Thursday, 2 July 2015

Sur le Pont d’Avignon

by Sally Filho
                                                 

The often mispronounced lyrics of this simple XVth century French song belong to Everyman’s knowledge of Gallic musical culture, together with two lines of Piaf’s ‘Non, rien de rien’ and half a line of ‘La Marseillaise’.  A group of students from The Portsmouth Grammar School will propulse  inter-cultural exchange between GB and France to a significantly higher level  again this summer by taking an original piece of mime/dance drama based on Hansel and Gretel to the world-famous Avignon Festival in July: exciting, daring and daunting it is, fun it should be, mundane it won’t be.

The Avignon Festival is a huge affair with an estimated one million spectators and participants involved over three weeks.  In the OFF Festival alone (the equivalent to Edinburgh’s ‘Fringe’), 1000 companies take part and 1600 plays and theatrical events are produced. The overall budget for this exhilarating Festival bursting with ideas and buzzing with invention is 13 million Euros. There are 3,500 performing arts professionals who also organize meetings, lectures and debates, thus creating a unique and splendidly creative event in European cultural life.  The Festival boasts to be “The Biggest Theatre in the World” and it probably is! 

There will be over 500 journalists present and, if they have any sense, some will wish to write about us.
So PGS will be represented in this International yet so very French occasion, and I am quite sure our pupils will do us proud.  The original lyrics of ‘Sur le Pont d’Avignon’ actually went ‘Sous le pont d’Avignon, on y danse, on y danse’, for under the arches  were popular drinking places where one could indeed dance, be merry and indulge in all sorts of pleasurable and illicit activities.  Our merriment will of course limit itself to what is right and proper; if we dance, it will be on stage or on the old bridge, not under it, or in the shadow of the impressive Palais des Papes.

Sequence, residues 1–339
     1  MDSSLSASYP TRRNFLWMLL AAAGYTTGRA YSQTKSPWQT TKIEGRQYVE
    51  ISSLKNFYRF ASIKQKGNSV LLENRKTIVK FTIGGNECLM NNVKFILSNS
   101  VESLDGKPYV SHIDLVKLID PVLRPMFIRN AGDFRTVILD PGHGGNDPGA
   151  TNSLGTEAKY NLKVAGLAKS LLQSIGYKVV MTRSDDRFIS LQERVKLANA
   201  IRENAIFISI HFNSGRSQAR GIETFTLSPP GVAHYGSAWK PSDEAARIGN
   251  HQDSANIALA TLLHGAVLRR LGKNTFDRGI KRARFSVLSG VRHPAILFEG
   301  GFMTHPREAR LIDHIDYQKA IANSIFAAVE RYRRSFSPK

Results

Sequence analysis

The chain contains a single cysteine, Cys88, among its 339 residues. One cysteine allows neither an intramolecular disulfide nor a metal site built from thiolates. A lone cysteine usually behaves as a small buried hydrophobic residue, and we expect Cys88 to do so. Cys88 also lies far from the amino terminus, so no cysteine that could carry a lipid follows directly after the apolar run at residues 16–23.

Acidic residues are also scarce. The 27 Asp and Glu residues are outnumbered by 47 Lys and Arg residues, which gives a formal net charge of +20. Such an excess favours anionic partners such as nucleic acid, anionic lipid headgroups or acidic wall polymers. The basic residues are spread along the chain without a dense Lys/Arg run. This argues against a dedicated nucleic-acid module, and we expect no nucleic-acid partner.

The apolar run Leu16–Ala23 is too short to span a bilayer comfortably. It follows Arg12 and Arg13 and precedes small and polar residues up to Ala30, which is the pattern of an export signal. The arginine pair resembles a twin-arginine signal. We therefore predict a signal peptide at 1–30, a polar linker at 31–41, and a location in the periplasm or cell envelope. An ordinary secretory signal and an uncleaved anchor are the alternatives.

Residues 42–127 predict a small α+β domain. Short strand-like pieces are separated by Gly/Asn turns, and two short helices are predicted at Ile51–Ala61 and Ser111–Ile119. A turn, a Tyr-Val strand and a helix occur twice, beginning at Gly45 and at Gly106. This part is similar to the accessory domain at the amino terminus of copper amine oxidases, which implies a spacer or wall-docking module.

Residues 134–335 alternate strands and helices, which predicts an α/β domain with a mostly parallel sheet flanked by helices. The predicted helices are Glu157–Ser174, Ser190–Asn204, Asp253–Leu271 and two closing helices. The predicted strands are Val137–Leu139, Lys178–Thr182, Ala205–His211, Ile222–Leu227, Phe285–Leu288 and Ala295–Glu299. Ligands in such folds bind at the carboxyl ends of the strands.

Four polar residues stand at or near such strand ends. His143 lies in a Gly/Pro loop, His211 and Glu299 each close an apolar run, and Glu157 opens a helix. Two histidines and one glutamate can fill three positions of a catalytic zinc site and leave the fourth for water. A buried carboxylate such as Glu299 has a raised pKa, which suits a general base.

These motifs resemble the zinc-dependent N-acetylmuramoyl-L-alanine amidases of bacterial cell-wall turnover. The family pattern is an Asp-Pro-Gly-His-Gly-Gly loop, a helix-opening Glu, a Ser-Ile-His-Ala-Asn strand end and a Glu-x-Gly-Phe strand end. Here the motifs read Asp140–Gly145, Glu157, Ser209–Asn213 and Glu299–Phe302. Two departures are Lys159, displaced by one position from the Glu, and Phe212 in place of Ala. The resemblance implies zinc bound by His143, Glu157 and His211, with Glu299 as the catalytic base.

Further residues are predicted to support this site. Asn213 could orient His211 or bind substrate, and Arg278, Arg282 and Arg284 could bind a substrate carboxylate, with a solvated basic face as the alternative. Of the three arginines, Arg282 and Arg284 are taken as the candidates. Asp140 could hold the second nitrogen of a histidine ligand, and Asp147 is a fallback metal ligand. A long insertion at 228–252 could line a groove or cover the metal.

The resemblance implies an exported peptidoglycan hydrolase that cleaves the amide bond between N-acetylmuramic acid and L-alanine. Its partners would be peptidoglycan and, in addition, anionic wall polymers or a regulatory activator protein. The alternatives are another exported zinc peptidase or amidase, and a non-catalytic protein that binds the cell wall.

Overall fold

Hansel & Gretel

The Grimm Brothers’ tale of abandonment is a story that speaks through the ages and has been told to millions of children for hundreds of years. It is a moral story that teaches young minds to be wary of strangers and to take care in the choices they make.


Company PGS have created a physical and experimental performance utilising hand-held projection and an original score played through up to date technology. The small ensemble presents their contemporary dark retelling of kidnap and betrayal through mime, dance and movement. Hansel and Gretel must learn of the dangers of life, but can they overcome the evil that has always been waiting for them?




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